On Saturday, Sep. 25, 2016, India’s Prime Minister Narendra Modi addressed Pakistan for the first time. This address occurred in the wake of the Uri attacks, in which four terrorists snuck into an army camp and killed 18 soldiers. Modi confronted Pakistan on the attacks, saying, “We are ready to fight you if you have the courage.”
However, the war he declared was not one on the Pakistani people, but on poverty in India and in Pakistan. Modi, whose platform is buttressed with promises to uplift the poor, reiterated his pledge for the 21st century: freedom from poverty, injustice, unemployment, corruption and acts of violence against women. Modi’s war on poverty in India would work to not only make strides towards these goals in his country of India, but to neighboring countries like Pakistan.
Though Pakistan has made big strides toward reducing absolute poverty since 1991, unrest in the country and natural disasters have made many of its citizens vulnerable to falling below the poverty line. Pakistan is also behind other countries in terms of educational and health benefits for its citizens.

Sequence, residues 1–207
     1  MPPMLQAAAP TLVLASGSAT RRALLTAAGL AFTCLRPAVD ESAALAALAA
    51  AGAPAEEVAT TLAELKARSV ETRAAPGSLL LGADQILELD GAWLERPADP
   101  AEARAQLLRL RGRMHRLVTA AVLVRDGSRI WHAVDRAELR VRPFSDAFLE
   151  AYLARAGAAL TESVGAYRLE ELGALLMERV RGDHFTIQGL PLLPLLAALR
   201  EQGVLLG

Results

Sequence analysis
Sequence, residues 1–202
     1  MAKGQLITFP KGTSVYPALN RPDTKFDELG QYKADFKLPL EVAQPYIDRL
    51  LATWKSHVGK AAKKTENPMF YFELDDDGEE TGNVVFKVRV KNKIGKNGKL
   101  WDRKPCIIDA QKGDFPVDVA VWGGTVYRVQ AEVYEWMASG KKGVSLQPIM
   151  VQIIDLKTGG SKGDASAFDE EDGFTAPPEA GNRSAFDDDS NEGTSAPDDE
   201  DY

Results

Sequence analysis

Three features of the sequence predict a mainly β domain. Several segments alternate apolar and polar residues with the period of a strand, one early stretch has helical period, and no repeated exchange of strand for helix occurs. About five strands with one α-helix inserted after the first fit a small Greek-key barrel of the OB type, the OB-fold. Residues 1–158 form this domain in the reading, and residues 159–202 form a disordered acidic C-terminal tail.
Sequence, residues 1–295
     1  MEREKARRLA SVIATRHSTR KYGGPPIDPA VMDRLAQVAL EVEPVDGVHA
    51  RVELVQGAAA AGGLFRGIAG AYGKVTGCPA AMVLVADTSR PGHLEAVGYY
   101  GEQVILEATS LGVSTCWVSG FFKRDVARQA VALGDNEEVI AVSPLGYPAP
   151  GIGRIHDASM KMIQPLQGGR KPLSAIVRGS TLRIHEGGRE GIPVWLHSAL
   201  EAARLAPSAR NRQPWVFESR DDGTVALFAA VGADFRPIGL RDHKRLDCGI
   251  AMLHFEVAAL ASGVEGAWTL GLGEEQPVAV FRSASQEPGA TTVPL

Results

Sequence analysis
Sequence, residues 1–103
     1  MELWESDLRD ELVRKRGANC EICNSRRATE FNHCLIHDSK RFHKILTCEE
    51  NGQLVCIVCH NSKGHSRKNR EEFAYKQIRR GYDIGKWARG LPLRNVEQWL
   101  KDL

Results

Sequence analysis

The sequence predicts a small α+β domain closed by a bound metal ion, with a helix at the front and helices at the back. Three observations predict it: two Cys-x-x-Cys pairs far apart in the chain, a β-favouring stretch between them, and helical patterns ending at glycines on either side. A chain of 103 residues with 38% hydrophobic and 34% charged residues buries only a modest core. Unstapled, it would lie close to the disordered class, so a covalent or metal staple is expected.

Keeping its citizens educated and healthy would provide Pakistan with a wealth of resources with which to bolster the country’s economy and the quality of life for its workers. India’s war on poverty, if Modi’s challenge is accepted, would be hugely beneficial not only to Pakistan but to the global community. Putting an end to poverty in Pakistan would not only help its people but its neighbors. Ending poverty is as important for peace and stability as it is for economic development.
So, India is ready for war — a war on poverty, a war on underemployment, a war on illiteracy and infant mortality and maternal deaths. According to Modi, “Let both countries fight to see who would eradicate poverty first.” Though Prime Minister Modi has challenged Pakistan to see who wins the war on poverty in India, this is a war nobody will lose.
– Kayla Provencher